Espreso. Global

What does Ukraine's victory look like? How can it be achieved?

16 January, 2024 Tuesday

Until there are clear and understandable answers to these questions for the whole society and our allies, victory will be unattainable

After all, the lack of a common understanding of where we all want to go makes it impossible to build a common winning strategy and allocate the necessary resources for it. That is why the decisions of our Western allies regarding military, sanctions, and diplomatic support have consistently seemed insufficient to us.

This situation prompted several dozen Ukrainian intellectuals to write a Manifesto for Sustainable Peace, which describes in detail the future victory, the way to achieve it, and ensure sustainable post-war peace, because a truce before the next phase of the war is not yet a victory.

So, where are we, and how do we get where we want to be?

Victories and defeats depend not only on the heroism of the Ukrainian Armed Forces, but also on the help of our allies: without their weapons, shells, money, and support, victory is unattainable.

At the same time, the Western press openly states that in this war, the West cannot afford not only Ukraine's defeat, but also Ukraine's victory, as this would lead to the collapse of the Russian regime.

In fact, the West sees only two scenarios: strengthening of power in Moscow and weakening of power in Moscow.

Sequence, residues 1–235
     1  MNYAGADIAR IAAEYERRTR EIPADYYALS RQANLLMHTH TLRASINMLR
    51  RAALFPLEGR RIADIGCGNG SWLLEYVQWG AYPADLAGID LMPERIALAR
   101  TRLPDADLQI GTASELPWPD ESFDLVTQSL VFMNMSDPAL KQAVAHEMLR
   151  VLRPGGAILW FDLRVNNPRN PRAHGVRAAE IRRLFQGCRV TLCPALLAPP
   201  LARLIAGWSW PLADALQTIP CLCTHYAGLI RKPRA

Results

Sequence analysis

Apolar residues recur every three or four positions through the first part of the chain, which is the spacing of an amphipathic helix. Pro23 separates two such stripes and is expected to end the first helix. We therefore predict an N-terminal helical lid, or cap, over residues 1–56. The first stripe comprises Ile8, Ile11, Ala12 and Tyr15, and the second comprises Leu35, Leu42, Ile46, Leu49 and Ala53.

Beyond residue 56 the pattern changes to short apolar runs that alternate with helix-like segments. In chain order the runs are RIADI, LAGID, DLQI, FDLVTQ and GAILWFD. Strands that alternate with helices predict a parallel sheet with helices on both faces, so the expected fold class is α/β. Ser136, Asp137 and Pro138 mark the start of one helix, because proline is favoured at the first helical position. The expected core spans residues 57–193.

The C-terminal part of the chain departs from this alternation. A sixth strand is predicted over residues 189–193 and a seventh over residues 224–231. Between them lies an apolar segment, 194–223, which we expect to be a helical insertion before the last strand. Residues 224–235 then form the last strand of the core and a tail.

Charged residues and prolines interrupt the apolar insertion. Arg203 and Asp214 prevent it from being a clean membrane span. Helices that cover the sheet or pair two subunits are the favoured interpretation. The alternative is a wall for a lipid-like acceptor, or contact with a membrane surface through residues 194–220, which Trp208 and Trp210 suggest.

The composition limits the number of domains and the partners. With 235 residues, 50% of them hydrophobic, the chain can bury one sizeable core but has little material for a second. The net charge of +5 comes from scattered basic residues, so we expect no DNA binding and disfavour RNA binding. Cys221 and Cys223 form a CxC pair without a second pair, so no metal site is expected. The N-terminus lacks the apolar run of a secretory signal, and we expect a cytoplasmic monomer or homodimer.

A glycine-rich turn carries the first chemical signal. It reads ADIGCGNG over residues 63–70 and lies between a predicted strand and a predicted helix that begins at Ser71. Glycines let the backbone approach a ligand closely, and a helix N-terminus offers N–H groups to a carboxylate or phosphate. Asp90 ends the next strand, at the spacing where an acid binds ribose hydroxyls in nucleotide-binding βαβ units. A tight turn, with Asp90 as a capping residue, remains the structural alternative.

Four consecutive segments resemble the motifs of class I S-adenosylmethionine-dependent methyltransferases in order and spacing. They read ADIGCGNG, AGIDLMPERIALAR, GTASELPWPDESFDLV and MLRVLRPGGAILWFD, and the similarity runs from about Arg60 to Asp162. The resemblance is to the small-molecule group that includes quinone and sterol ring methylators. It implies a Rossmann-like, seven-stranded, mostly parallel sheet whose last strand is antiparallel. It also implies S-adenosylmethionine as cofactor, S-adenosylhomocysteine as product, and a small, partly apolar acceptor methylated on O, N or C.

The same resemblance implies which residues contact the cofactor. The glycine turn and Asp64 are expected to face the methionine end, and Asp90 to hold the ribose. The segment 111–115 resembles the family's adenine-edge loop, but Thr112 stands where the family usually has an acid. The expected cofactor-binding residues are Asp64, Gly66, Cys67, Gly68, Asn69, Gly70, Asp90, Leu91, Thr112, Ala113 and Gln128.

The first scenario leads to the continuation of the war with the threat of escalation, possible spread of aggression to NATO countries, and increased Russian dependence on China.

The second scenario is seen as much worse: the collapse of the Russian regime is associated with uncontrolled proliferation of nuclear weapons, a large-scale humanitarian catastrophe, increased influence of radical Islamism, and excessive strengthening of China at the expense of Russian resources.

The West is more afraid of the second scenario, and therefore considers Russia's defeat unacceptable and promises to help Ukraine "as long as necessary," without specifying what exactly is necessary and avoiding mentioning Ukraine's victory, let alone Russia's defeat.

However, a reasonable question arises: how can it be that both alternatives are losing for the West (the United States, Europe) and winning for China? After all, the Euro-Atlantic civilization is stronger in military, political, and economic aspects.

The answer is simple: the choice between the two scenarios of strengthening and weakening power in Moscow is a false choice - a trap that the West has fallen into. It happened not yesterday, not two or even ten years ago. This trap is Moscow-centrism, the belief that everything important in the Russian Federation happens in Moscow. The West fell into this trap decades ago, and that is why in 1991 it tried its best to prevent the collapse of the Soviet Union. Let's recall the infamous speech of the US President in Kyiv in August of that year, derisively called the "Chicken Kyiv speech," in which he called for the abandonment of independence.

Today, history is repeating itself, and we are witnessing, so to speak, a "Tatar-style cutlet," the next stage of the collapse of the Russian Empire and the West's desire to preserve its integrity against all odds.

This desire is caused not only by the above-mentioned fears, but also by the desire to return to "business as usual" as soon as possible and the hope of having Russia on its side in the confrontation with China.